New players, new coaches, new schemes. Add to that a number of injuries to key personnel (Sam Cowart, Jerry Ostroski,) and you have a recipe for trouble. Throw in some good old fashion neglect of the offensive line (when was the last time the front office addressed this glaring need?) and you have an accident waiting to happen. Top it all off with a quarterback who has made questionable progress and is now hurt, and you have a full-blown disaster.

Yes, the prophecy of many has come true - Rob Johnson is hurt yet again. For all the promise he may have had, Rob Johnson has fallen into the “I told you so” category. “I told you he couldn’t win”. “I told you he gets sacked too often”. “I told you he’d get hurt”. “I told you he is not the answer at quarterback”.

To be fair, Rob Johnson is at best only a contributing factor to the present mess. Yes, Rob hasn’t won - but how many of the losses lay mainly with his poor play and not a conglomeration of other team mistakes? Yes, he gets sacked too often - but how does anyone avoid a sack when the defense gets to you almost as quickly as the snap? Yes, Rob gets hurt - anyone who saw so many bull-rushing defensive linemen would probably have their fair share of health problems as well. But the big question remains - is Rob Johnson the answer at quarterback?

If Rob Johnson fails to get back onto the field this season, his evaluation will be incomplete. Johnson has had 2 solid outings (a win against Jacksonville and a near-win at San Diego) and more than a few questionable games. Will the Bills continue to tout Johnson as the “quarterback of the future”, or will they decide that the 4 year experiment is over and look for another man to lead the team? The answer may hinge more on the available options than the play of Rob Johnson.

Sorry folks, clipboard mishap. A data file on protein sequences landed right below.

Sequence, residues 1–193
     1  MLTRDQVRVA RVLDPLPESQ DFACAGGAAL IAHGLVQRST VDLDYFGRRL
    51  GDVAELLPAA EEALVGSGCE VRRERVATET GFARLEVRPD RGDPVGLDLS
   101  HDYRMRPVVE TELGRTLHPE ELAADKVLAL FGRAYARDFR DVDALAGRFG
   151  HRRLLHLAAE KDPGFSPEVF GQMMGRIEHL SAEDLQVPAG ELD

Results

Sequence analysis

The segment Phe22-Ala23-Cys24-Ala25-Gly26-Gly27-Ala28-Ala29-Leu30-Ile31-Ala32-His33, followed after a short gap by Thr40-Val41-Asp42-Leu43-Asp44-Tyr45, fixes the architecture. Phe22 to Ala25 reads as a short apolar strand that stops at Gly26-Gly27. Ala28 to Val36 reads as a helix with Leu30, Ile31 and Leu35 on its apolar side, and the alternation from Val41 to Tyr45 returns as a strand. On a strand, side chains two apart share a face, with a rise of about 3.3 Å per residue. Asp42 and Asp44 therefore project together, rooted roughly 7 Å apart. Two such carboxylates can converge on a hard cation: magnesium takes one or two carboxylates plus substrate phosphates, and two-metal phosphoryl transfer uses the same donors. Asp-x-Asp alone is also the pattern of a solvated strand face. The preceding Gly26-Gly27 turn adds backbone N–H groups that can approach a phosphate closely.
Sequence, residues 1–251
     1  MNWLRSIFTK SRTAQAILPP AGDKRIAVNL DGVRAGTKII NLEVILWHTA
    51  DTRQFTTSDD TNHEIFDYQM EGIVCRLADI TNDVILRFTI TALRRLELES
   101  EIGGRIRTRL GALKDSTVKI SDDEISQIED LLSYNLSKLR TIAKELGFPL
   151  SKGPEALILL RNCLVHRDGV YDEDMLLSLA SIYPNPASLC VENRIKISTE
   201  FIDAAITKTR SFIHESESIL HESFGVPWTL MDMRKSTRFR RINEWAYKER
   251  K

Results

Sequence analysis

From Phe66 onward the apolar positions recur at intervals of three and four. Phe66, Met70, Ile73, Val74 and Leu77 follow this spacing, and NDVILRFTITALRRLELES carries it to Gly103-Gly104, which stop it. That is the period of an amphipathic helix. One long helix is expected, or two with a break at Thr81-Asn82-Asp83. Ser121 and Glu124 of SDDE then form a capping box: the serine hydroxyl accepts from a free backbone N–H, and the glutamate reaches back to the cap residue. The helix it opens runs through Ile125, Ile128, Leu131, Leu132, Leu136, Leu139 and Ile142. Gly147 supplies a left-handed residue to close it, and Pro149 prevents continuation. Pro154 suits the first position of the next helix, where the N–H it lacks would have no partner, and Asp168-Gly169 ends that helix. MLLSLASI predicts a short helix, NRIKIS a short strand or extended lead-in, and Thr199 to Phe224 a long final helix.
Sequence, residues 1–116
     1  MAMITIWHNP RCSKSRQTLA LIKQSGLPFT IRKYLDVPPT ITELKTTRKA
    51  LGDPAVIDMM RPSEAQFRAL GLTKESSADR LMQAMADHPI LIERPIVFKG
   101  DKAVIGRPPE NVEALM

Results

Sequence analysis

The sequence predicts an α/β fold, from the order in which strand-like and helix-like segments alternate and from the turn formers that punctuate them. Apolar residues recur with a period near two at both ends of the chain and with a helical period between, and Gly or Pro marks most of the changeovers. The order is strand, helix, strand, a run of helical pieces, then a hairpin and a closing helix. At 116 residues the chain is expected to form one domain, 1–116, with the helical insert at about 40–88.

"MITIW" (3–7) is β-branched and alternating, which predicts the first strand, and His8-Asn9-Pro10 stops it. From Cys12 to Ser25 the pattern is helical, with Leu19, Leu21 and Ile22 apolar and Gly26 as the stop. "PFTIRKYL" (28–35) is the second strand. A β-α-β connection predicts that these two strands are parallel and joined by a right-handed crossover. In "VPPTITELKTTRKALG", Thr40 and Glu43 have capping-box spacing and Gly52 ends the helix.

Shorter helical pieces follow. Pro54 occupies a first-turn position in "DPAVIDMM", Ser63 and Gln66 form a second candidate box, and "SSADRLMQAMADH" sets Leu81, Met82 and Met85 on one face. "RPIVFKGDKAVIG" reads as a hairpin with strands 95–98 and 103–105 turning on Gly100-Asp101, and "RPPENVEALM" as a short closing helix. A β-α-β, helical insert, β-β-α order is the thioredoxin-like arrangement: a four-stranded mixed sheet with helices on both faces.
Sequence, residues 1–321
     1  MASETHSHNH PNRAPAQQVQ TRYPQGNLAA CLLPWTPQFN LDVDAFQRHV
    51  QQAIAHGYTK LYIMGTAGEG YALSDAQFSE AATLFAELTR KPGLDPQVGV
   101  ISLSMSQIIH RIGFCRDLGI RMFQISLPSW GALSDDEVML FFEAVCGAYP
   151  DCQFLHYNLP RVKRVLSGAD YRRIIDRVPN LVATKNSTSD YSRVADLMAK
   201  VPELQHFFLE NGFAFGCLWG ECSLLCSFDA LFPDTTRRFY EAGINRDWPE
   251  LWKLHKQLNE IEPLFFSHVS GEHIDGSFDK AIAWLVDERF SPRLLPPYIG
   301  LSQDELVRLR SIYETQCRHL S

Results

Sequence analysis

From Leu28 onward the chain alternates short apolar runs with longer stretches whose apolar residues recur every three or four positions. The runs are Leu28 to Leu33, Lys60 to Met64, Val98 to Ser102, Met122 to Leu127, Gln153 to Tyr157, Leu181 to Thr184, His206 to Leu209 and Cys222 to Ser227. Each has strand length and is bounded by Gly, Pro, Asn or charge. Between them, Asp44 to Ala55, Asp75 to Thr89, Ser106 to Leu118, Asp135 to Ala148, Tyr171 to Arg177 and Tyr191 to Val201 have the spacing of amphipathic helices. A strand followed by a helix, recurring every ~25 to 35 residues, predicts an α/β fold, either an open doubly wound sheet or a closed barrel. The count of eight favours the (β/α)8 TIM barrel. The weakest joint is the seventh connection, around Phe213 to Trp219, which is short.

Rob Johnson’s salary cap figure for the 2002 season is a whopping $11.2 million. It is clear that this needs to be reduced; it is not clear how to accomplish this. The Bills can either extend Johnson’s current deal into the future to shift some of the hit to future years, or they can part ways with him. Johnson’s cap number will be in the neighborhood of $5 million should he be cut. There will be no cap hit against the Bills should they make him available to the Houston Texans in the expansion draft and they decide to pick him up as their quarterback.

Leaving Johnson unprotected in the expansion draft is a risky strategy. If Houston fails to take Johnson the Bills will have given him a loud vote of no confidence. Given Johnson’s already weak confidence in the support he gets from management, he could be completely destroyed playing for a Bills team that took such a gamble and lost

Without Johnson at the helm next season, the Bills have very few options. The 2002 free agent quarterback market is very thin. The only current starter slated to be an unrestricted free agent next season is Miami’s Jay Fiedler. Jim Miller and Shane Matthews of the Bears will also be available, but the Bears will likely re-sign one of them. Current veteran backup quarterbacks who will be unrestricted free agents are Scott Mitchell, Gus Frerotte and Jonathan Quinn - hardly a plethora of talent. Restricted free agent quarterbacks are so unimpressive that they won’t even be listed here. New England should make Tom Brady or Drew Bledsoe available for a trade, but the price will be steep - possibly too steep for a team already allocating $5 million to a quarterback no longer on the roster. Additionally, Trent Dilfer, Jeff Blake and Shaun King may be available - all veterans currently in backup roles and not much to be excited about. Would any of these men be a stark improvement over Rob Johnson?